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High altitude affects nocturnal non-linear heart rate variability: PATCH-HA study.

Boos, C., Bye, K., Sevier, L., Bakker-Dyos, J., Woods, D.R., Sullivan, M., Quinlan, T. and Mellor, A., 2018. High altitude affects nocturnal non-linear heart rate variability: PATCH-HA study. Frontiers in Physiology, 9, 390.

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fphys-09-00390.pdf - Published Version
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DOI: 10.3389/fphys.2018.00390


© 2018 Boos, Bye, Sevier, Bakker-Dyos, Woods, Sullivan, Quinlan and Mellor. Background: High altitude (HA) exposure can lead to changes in resting heart rate variability (HRV), which may be linked to acute mountain sickness (AMS) development. Compared with traditional HRV measures, non-linear HRV appears to offer incremental and prognostic data, yet its utility and relationship to AMS have been barely examined at HA. This study sought to examine this relationship at terrestrial HA. Methods: Sixteen healthy British military servicemen were studied at baseline (800 m, first night) and over eight consecutive nights, at a sleeping altitude of up to 3600 m. A disposable cardiac patch monitor was used, to record the nocturnal cardiac inter-beat interval data, over 1 h (0200-0300 h), for offline HRV assessment. Non-linear HRV measures included Sample entropy (SampEn), the short (α1, 4-12 beats) and long-term (α2, 13-64 beats) detrend fluctuation analysis slope and the correlation dimension (D2). The maximal rating of perceived exertion (RPE), during daily exercise, was assessed using the Borg 6-20 RPE scale. Results: All subjects completed the HA exposure. The average age of included subjects was 31.4 ± 8.1 years. HA led to a significant fall in SpO 2 and increase in heart rate, LLS and RPE. There were no significant changes in the ECG-derived respiratory rate or in any of the time domain measures of HRV during sleep. The only notable changes in frequency domain measures of HRV were an increase in LF and fall in HFnu power at the highest altitude. Conversely, SampEn, SD1/SD2 and D2 all fell, whereas α1 and α2 increased (p < 0.05). RPE inversely correlated with SD1/SD2 (r = -0.31; p = 0.002), SampEn (r = -0.22; p = 0.03), HFnu (r = -0.27; p = 0.007) and positively correlated with LF (r = 0.24; p = 0.02), LF/HF (r = 0.24; p = 0.02), α1 (r = 0.32; p = 0.002) and α2 (r = 0.21; p = 0.04). AMS occurred in 7/16 subjects (43.8%) and was very mild in 85.7% of cases. HRV failed to predict AMS. Conclusion: Non-linear HRV is more sensitive to the effects of HA than time and frequency domain indices. HA leads to a compensatory decrease in nocturnal HRV and complexity, which is influenced by the RPE measured at the end of the previous day. HRV failed to predict AMS development.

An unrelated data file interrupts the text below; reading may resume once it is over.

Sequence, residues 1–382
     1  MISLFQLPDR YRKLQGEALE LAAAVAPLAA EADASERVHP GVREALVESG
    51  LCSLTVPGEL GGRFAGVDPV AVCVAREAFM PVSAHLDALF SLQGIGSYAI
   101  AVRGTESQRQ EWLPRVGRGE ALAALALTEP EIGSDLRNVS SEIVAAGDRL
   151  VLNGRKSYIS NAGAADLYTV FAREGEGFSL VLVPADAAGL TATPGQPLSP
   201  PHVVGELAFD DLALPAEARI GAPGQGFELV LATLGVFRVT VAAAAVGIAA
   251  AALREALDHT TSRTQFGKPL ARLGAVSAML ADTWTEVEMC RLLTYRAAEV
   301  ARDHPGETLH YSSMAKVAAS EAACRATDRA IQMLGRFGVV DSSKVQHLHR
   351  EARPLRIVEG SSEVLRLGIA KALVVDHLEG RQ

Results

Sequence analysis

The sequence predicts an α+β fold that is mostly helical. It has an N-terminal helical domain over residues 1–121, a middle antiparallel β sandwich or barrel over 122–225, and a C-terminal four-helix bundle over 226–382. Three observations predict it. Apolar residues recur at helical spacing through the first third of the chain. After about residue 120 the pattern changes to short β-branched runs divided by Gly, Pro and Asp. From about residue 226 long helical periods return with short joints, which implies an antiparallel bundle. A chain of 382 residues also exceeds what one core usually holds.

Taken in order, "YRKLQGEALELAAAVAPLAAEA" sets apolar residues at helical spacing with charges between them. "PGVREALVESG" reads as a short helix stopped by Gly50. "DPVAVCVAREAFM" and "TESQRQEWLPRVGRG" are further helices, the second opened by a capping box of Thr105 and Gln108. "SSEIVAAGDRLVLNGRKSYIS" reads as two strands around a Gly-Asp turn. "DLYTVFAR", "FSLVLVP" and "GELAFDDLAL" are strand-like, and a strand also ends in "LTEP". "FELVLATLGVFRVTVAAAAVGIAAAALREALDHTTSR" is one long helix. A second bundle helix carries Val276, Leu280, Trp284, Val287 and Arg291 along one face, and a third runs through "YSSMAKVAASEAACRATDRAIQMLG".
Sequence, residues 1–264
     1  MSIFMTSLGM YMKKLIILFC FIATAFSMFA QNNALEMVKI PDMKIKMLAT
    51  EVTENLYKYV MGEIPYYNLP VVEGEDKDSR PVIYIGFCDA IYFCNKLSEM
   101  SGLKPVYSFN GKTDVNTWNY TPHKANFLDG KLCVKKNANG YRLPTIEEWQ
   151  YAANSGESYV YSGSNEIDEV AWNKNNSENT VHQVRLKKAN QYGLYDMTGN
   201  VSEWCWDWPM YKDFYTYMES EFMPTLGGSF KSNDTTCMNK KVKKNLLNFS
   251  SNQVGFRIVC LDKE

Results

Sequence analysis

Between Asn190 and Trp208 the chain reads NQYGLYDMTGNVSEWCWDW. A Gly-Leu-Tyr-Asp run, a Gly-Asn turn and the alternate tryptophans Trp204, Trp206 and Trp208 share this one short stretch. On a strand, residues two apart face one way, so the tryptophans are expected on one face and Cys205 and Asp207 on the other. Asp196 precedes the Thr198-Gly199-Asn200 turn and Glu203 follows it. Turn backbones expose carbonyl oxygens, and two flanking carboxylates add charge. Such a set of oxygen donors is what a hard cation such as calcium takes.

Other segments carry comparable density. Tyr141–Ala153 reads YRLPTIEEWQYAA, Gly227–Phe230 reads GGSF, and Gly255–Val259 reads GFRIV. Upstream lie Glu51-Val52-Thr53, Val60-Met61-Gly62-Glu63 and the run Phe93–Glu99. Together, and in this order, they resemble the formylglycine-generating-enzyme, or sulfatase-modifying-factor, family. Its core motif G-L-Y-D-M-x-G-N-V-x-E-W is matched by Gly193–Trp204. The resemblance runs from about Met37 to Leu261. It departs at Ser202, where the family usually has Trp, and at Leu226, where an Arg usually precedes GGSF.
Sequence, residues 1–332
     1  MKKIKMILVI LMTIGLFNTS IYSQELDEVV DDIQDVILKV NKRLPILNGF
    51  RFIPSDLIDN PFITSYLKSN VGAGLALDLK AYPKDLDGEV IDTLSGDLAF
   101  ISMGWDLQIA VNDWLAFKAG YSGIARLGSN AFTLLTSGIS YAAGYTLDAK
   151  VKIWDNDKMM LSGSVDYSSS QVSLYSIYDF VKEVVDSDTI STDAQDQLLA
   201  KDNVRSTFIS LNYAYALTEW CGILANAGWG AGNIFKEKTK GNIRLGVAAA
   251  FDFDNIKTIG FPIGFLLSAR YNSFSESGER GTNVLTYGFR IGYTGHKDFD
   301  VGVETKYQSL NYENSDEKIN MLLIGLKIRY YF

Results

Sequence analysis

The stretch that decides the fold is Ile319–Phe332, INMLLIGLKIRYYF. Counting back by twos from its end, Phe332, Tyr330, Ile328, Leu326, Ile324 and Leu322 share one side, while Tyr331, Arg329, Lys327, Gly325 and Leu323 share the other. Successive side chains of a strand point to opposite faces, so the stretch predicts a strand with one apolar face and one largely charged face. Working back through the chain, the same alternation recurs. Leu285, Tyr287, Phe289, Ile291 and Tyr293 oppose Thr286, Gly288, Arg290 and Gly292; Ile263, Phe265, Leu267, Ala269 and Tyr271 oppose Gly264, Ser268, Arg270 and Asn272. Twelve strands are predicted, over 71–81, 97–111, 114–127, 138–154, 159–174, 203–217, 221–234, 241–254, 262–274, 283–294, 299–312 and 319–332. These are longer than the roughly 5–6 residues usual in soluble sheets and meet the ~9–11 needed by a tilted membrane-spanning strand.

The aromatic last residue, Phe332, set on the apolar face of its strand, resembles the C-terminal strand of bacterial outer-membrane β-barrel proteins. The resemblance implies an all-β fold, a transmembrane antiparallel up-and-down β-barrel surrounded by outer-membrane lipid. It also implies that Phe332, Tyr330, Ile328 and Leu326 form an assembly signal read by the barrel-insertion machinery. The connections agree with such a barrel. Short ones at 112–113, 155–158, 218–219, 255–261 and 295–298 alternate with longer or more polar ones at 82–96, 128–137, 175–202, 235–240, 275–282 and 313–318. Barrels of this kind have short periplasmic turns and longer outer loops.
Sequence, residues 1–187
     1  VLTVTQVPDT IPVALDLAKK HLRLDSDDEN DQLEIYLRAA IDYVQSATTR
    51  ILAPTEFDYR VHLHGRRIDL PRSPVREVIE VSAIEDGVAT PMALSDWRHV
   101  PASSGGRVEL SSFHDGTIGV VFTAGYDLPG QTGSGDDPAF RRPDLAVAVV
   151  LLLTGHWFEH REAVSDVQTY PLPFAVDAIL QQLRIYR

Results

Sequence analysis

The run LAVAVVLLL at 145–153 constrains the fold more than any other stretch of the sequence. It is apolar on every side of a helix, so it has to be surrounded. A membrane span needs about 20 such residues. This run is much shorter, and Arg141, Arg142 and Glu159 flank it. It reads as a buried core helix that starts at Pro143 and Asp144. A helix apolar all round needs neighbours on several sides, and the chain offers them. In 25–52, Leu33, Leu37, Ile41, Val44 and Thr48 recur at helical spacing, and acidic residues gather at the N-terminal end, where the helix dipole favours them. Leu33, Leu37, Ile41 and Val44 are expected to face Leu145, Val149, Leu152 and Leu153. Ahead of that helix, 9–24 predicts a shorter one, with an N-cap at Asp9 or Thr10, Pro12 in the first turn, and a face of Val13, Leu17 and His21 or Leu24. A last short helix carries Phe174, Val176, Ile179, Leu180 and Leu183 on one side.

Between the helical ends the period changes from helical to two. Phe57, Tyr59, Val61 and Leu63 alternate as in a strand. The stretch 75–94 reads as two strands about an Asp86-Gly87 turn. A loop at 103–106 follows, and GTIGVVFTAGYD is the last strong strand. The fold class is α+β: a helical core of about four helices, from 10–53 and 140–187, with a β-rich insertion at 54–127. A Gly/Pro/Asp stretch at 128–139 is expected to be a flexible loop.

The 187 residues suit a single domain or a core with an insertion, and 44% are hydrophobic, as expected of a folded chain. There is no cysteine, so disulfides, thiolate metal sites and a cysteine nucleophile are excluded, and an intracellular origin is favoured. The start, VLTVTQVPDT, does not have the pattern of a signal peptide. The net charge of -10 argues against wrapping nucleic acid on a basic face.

Item Type:Article
Additional Information:This work was supported by the Surgeon Generals Department and the cost of the patches was funded by LumiraDx.
Group:Faculty of Health & Social Sciences
ID Code:30660
Deposited By: Symplectic RT2
Deposited On:02 May 2018 09:23
Last Modified:14 Mar 2022 14:10


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